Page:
‘Tis the season for apricots to ripen. Actually, it seems a little early this year. I topped and pruned our apricot tree this winter and it paid off. The limbs are full of fruit and I am picking about 6 dozen a day off the ground. (I put down tarps to protect them when they fall.) We will probably start the real picking this weekend.
I froze 3 dozen yesterday, gave away 3 dozen today and picked up another 4 dozen just now. They were washed dried and sliced in half to remove the pit. Then arranged on a baking sheet and put into the freezer for a day. After they are frozen solid, I transfer them to freezer ziplock bags for storage until I can use them
I am thinking apricot pies, tarts or maybe apricot smoothies. I am guessing I have “harvested” 10% of the crop. Yumm!!
I am making my granddaughters birthday cake. Like so many girls she is really into unicorns, hence a Unicorn Cake. This will be a three tier cake, 10”, 8” and 6”. The 6” layer will have a unicorn cake topper and a multicolored flowing mane down the back. Check out that post in a few days.
Right now I am describing the strawberry cake recipe that I adapted from my Heavenly White Cake. The trick to this cake lies in the strawberry puree reduction. Placed sliced strawberries in a food processor and pulse until it is a puree. Place the puree in a small saucepan and with occasional stirring, reduce to about half the volume. This will take 30 – 40 minutes. Cover and place in the fridge until cool, (Overnight would be fine.)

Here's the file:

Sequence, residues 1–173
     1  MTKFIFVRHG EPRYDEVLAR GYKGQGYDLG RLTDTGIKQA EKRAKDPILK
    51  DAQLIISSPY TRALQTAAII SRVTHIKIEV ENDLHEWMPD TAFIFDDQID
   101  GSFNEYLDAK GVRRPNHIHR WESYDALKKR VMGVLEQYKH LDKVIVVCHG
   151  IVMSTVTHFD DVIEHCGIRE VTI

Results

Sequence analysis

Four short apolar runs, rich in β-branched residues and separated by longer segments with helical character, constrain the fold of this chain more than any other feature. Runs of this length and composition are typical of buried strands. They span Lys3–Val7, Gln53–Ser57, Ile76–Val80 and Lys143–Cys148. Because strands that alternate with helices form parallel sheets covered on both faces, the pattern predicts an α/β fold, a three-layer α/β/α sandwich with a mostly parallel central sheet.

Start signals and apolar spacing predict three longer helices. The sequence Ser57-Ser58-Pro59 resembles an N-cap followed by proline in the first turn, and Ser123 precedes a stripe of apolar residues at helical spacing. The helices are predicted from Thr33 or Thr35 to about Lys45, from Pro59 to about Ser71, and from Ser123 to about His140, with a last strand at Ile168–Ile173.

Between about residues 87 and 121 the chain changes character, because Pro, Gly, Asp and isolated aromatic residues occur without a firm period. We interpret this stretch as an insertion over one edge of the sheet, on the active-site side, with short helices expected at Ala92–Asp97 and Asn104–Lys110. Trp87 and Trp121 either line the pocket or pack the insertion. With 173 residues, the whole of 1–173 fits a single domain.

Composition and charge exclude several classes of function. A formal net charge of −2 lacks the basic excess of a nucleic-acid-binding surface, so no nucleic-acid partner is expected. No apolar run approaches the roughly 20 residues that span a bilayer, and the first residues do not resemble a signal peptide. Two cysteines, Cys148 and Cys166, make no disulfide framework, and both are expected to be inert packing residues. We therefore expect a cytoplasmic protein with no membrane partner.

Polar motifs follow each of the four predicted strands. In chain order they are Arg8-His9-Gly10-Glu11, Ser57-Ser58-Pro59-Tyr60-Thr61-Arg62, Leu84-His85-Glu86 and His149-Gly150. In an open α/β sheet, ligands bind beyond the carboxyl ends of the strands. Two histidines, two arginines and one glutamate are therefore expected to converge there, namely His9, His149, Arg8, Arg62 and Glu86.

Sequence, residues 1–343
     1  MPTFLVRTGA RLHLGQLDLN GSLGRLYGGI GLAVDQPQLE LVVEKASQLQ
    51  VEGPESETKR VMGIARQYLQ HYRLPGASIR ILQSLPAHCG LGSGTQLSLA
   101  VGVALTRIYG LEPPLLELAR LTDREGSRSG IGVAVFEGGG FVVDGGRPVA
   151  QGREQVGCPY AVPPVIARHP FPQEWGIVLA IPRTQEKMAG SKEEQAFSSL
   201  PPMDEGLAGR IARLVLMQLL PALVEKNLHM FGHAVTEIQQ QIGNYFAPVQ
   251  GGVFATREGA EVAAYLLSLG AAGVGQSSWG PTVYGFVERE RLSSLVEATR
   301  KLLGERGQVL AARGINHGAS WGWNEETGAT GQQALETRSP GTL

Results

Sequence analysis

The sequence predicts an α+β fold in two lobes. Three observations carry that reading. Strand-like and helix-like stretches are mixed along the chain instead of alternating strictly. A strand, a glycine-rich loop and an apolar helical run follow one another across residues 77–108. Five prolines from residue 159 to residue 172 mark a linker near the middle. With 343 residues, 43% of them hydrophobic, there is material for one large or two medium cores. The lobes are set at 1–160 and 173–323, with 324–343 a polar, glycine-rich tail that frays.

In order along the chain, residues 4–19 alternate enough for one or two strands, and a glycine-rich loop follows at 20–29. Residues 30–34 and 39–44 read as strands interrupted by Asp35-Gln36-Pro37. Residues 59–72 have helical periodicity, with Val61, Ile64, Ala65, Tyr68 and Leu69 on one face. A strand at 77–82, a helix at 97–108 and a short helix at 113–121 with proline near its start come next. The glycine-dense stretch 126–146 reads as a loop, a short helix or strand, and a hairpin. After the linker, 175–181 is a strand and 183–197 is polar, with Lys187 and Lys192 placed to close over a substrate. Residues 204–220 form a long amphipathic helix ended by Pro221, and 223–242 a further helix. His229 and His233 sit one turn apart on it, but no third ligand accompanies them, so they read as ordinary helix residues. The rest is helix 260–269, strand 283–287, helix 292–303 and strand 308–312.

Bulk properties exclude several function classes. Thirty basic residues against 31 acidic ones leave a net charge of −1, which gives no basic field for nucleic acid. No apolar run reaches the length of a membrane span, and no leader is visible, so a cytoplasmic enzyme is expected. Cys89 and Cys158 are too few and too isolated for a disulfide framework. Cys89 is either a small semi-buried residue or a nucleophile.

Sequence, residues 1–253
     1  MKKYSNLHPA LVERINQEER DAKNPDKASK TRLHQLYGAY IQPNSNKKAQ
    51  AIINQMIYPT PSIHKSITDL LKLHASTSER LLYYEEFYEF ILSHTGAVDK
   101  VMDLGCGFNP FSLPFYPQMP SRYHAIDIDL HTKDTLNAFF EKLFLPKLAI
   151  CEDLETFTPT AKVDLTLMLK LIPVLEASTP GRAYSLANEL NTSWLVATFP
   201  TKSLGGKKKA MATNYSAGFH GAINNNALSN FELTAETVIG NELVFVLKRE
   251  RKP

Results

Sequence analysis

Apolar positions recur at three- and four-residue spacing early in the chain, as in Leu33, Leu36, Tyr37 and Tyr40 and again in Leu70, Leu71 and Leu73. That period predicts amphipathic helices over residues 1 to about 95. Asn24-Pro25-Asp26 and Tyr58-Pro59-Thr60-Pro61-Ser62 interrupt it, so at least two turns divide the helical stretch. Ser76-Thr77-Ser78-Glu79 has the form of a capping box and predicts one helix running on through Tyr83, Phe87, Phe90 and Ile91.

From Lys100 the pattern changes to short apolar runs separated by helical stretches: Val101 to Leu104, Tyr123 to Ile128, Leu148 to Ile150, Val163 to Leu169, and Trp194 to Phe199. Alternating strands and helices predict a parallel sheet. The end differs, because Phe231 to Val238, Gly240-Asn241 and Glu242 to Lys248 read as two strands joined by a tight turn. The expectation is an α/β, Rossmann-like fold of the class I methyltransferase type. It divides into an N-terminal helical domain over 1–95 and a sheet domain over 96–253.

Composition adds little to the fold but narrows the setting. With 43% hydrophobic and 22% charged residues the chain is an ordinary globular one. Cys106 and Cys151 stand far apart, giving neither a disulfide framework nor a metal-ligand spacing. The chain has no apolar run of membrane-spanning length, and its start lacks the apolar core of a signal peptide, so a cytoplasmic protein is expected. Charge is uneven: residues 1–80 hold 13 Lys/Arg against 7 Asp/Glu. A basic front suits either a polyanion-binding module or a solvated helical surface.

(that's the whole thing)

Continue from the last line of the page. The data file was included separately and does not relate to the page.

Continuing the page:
I also added 1/4th tsp of strawberry extract to enhance the flavor. Any more would make it taste artificial. The Heavenly White Cake uses a cup of plain milk (I use 2% low calcium as that is what we stock in the home.) For the strawberry version I added 1 Tbl of vinegar to 1/2 cup of milk. This makes a pseudo buttermilk. I also added 1/4 cup of heavy cream hoping the final cake would be moist. The 1/2 cup strawberry reduction added the balance of the liquid.
For my test cake this recipe made two 6” and one 5” round cakes, 2” high. They required about 30 minutes to bake. I checked it using the spring back test, clean tooth pick check and measuring the center of the cake to be 210 deg F.
Overall, I was pleased with the moisture, flavor and texture of the cake. Combined with the Heavenly White and Extreme Chocolate cakes, marshmallow fondant and buttercream frosting, it should be a Unicorn Spectacular!
Heavenly Strawberry Cake
INGREDIENTS • 2¾ cups sifted cake flour • 4 teaspoons baking powder • ¾ teaspoon salt • 4 egg whites • 1½ cups white sugar • ¾ cup butter • ½ cup milk (add 1 Tbl vinegar to make “Buttermilk” equivalent milk) • ¼ cup heavy whipping cream • 1 teaspoon vanilla extract • ¼ tsp strawberry extract • ¼ tsp red food coloring • ~250 g diced strawberries
The day before baking: Puree strawberries and reduce to ½. This will take 20-30 minutes. Place in the refrigerator, covered, overnight.
Measure sifted flour, baking powder, and salt; sift together three times.
In a mixing bowl, beat egg whites until foamy. Add 1/2 cup sugar gradually, and continue beating only until meringue will hold up in soft peaks.